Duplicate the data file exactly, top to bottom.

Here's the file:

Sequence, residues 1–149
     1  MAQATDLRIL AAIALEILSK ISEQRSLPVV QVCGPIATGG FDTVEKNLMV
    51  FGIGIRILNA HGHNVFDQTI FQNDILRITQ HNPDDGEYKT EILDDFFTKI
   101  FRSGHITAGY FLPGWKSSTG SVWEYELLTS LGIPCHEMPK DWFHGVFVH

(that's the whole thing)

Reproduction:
Sequence, residues 1–149
     1  MAQATDLRIL AAIALEILSK ISEQRSLPVV QVCGPIATGG FDTVEKNLMV
    51  FGIGIRILNA HGHNVFDQTI FQNDILRITQ HNPDDGEYKT EILDDFFTKI
   101  FRSGHITAGY FLPGWKSSTG SVWEYELLTS LGIPCHEMPK DWFHGVFVH